Statistical-learning strategies generate only modestly performing predictive models for urinary symptoms following external beam radiotherapy of the prostate: A comparison of conventional and machine-learning methods

Noorazrul Yahya, Martin Ebert, M. Bulsara, Mike House, A. Kennedy, David Joseph, J.W. Denham

    Research output: Contribution to journalArticle

    10 Citations (Scopus)
    173 Downloads (Pure)

    Abstract

    Purpose:

    Given the paucity of available data concerning radiotherapy-induced urinary toxicity, it is important to ensure derivation of the most robust models with superior predictive performance. This work explores multiple statistical-learning strategies for prediction of urinary symptoms following external beam radiotherapy of the prostate.

    Methods:

    The performance of logistic regression, elastic-net, support-vector machine, random forest, neural network, and multivariate adaptive regression splines (MARS) to predict urinary symptoms was analyzed using data from 754 participants accrued by TROG03.04-RADAR. Predictive features included dose-surface data, comorbidities, and medication-intake. Four symptoms were analyzed: dysuria, haematuria, incontinence, and frequency, each with three definitions (grade ≥ 1, grade ≥ 2 and longitudinal) with event rate between 2.3% and 76.1%. Repeated cross-validations producing matched models were implemented. A synthetic minority oversampling technique was utilized in endpoints with rare events. Parameter optimization was performed on the training data. Area under the receiver operating characteristic curve (AUROC) was used to compare performance using sample size to detect differences of ≥0.05 at the 95% confidence level.

    Results:

    Logistic regression, elastic-net, random forest, MARS, and support-vector machine were the highest-performing statistical-learning strategies in 3, 3, 3, 2, and 1 endpoints, respectively. Logistic regression, MARS, elastic-net, random forest, neural network, and support-vector machine were the best, or were not significantly worse than the best, in 7, 7, 5, 5, 3, and 1 endpoints. The best-performing statistical model was for dysuria grade ≥ 1 with AUROC ± standard deviation of 0.649 ± 0.074 using MARS. For longitudinal frequency and dysuria grade ≥ 1, all strategies produced AUROC>0.6 while all haematuria endpoints and longitudinal incontinence models produced AUROC<0.6.

    Conclusions:

    Logistic regression and MARS were most likely to be the best-performing strategy for the prediction of urinary symptoms with elastic-net and random forest producing competitive results. The predictive power of the models was modest and endpoint-dependent. New features, including spatial dose maps, may be necessary to achieve better models.

    Original languageEnglish
    Pages (from-to)2040-2052
    JournalMedical Physics
    Volume43
    Issue number5
    Early online date4 Apr 2016
    DOIs
    Publication statusPublished - May 2016

    Fingerprint

    Dysuria
    ROC Curve
    Prostate
    Radiotherapy
    Logistic Models
    Learning
    Hematuria
    Statistical Models
    Sample Size
    Comorbidity
    Forests
    Machine Learning
    Support Vector Machine

    Cite this

    @article{f94182bd11074ec4824c67f3cee0391f,
    title = "Statistical-learning strategies generate only modestly performing predictive models for urinary symptoms following external beam radiotherapy of the prostate: A comparison of conventional and machine-learning methods",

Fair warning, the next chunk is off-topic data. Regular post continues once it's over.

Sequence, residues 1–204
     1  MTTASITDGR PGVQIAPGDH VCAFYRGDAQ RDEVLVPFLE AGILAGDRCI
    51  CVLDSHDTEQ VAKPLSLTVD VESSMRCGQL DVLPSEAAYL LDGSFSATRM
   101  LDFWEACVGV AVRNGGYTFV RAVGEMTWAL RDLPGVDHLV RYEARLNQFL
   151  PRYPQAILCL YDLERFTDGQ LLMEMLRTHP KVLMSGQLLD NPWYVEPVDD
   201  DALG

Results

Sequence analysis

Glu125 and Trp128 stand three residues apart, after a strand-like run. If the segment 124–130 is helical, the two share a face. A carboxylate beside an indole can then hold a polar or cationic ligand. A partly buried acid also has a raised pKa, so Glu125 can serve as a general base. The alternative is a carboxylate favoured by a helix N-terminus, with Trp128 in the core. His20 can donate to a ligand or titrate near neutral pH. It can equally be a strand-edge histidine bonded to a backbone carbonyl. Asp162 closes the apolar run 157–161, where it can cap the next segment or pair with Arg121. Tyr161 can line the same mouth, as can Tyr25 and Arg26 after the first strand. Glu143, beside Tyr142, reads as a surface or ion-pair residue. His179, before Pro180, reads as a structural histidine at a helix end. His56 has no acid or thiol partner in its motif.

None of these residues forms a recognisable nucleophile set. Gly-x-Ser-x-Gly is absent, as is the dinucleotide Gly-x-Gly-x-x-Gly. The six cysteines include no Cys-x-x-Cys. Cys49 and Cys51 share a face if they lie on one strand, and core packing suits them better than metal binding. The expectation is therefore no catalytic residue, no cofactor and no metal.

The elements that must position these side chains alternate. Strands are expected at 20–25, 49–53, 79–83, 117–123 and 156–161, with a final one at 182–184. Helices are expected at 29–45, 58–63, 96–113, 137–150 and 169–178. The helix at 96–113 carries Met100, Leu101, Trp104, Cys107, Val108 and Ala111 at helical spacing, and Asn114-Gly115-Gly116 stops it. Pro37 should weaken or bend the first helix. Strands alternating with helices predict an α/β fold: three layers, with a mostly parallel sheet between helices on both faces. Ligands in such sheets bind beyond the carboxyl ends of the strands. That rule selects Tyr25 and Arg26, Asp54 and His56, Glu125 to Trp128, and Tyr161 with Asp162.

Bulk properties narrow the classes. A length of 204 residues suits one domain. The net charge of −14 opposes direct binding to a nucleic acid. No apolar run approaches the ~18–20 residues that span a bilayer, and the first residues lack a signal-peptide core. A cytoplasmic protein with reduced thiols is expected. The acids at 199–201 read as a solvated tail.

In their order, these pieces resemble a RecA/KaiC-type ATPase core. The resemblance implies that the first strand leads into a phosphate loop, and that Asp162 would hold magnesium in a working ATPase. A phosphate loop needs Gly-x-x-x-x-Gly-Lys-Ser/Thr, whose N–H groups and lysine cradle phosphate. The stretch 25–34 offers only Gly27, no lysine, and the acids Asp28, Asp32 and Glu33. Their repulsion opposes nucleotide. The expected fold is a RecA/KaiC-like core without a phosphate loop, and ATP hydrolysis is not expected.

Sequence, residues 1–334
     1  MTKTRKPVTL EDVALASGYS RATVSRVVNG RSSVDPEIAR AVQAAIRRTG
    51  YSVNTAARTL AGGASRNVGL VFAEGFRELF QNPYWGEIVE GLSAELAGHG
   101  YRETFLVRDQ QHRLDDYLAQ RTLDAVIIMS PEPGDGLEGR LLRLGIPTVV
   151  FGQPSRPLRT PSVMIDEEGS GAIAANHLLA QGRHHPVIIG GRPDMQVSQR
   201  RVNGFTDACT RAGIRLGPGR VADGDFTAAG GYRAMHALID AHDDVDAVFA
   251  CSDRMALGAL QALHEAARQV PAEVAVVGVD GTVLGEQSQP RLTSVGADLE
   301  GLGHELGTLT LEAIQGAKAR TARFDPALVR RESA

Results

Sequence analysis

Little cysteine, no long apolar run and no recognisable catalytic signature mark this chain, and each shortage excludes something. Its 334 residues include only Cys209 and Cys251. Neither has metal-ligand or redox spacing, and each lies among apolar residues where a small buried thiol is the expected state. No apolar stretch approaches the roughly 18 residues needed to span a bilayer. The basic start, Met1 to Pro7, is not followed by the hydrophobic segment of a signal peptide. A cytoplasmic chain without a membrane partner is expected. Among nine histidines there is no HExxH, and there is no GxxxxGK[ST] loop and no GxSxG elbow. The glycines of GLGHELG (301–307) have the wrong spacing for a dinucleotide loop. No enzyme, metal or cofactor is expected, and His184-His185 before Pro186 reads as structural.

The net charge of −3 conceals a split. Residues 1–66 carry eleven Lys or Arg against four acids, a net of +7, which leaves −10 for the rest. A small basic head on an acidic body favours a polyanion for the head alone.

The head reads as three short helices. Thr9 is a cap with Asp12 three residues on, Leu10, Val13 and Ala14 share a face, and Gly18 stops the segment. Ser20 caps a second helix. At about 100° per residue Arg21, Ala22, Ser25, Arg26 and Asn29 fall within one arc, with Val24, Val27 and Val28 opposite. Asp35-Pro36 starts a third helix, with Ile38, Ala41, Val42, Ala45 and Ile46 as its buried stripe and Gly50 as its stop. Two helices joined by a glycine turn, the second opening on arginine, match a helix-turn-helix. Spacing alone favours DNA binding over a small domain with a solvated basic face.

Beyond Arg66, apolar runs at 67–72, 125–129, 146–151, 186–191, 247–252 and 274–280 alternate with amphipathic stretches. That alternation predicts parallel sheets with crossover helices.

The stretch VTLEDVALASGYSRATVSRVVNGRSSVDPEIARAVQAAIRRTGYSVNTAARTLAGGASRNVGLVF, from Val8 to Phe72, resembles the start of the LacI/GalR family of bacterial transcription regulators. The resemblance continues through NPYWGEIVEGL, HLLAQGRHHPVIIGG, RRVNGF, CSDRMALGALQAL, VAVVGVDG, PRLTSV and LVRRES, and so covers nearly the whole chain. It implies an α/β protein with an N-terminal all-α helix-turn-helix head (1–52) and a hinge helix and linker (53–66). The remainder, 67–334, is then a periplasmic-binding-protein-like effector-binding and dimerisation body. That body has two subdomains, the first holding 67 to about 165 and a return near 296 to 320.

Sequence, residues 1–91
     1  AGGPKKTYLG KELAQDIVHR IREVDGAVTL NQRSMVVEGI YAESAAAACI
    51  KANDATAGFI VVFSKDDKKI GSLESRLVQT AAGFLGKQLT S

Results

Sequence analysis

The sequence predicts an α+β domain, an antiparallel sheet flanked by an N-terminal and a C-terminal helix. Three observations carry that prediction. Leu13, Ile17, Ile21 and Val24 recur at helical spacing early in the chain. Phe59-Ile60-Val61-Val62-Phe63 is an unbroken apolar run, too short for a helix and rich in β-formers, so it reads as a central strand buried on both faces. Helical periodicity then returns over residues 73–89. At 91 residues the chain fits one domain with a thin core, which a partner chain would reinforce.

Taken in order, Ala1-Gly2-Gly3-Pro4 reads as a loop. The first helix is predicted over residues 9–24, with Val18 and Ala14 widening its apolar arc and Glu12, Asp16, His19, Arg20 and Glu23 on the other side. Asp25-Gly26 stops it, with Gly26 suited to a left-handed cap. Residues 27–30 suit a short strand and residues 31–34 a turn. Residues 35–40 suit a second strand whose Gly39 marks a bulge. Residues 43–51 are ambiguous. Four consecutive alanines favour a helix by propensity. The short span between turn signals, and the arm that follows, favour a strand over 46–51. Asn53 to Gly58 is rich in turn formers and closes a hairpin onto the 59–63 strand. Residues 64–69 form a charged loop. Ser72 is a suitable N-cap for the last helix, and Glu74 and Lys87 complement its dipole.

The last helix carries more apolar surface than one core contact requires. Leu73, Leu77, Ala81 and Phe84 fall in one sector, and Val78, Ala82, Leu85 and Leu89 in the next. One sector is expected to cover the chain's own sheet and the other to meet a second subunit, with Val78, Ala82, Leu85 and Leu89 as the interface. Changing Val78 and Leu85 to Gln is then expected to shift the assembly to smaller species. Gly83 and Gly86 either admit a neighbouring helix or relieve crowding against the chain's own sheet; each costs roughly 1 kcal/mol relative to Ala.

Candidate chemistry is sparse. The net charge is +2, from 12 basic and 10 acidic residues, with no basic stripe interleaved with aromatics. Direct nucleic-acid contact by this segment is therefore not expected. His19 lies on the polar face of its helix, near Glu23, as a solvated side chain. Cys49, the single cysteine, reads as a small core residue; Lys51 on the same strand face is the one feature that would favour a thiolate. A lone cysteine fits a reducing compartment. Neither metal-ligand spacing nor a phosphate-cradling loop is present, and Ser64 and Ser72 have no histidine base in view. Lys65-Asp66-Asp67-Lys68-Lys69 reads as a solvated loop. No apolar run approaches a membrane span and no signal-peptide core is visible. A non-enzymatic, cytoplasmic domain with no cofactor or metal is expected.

abstract = "Purpose:Given the paucity of available data concerning radiotherapy-induced urinary toxicity, it is important to ensure derivation of the most robust models with superior predictive performance. This work explores multiple statistical-learning strategies for prediction of urinary symptoms following external beam radiotherapy of the prostate.Methods:The performance of logistic regression, elastic-net, support-vector machine, random forest, neural network, and multivariate adaptive regression splines (MARS) to predict urinary symptoms was analyzed using data from 754 participants accrued by TROG03.04-RADAR. Predictive features included dose-surface data, comorbidities, and medication-intake. Four symptoms were analyzed: dysuria, haematuria, incontinence, and frequency, each with three definitions (grade ≥ 1, grade ≥ 2 and longitudinal) with event rate between 2.3{\%} and 76.1{\%}. Repeated cross-validations producing matched models were implemented. A synthetic minority oversampling technique was utilized in endpoints with rare events. Parameter optimization was performed on the training data. Area under the receiver operating characteristic curve (AUROC) was used to compare performance using sample size to detect differences of ≥0.05 at the 95{\%} confidence level.Results:Logistic regression, elastic-net, random forest, MARS, and support-vector machine were the highest-performing statistical-learning strategies in 3, 3, 3, 2, and 1 endpoints, respectively. Logistic regression, MARS, elastic-net, random forest, neural network, and support-vector machine were the best, or were not significantly worse than the best, in 7, 7, 5, 5, 3, and 1 endpoints. The best-performing statistical model was for dysuria grade ≥ 1 with AUROC ± standard deviation of 0.649 ± 0.074 using MARS. For longitudinal frequency and dysuria grade ≥ 1, all strategies produced AUROC>0.6 while all haematuria endpoints and longitudinal incontinence models produced AUROC<0.6.Conclusions:Logistic regression and MARS were most likely to be the best-performing strategy for the prediction of urinary symptoms with elastic-net and random forest producing competitive results. The predictive power of the models was modest and endpoint-dependent. New features, including spatial dose maps, may be necessary to achieve better models.",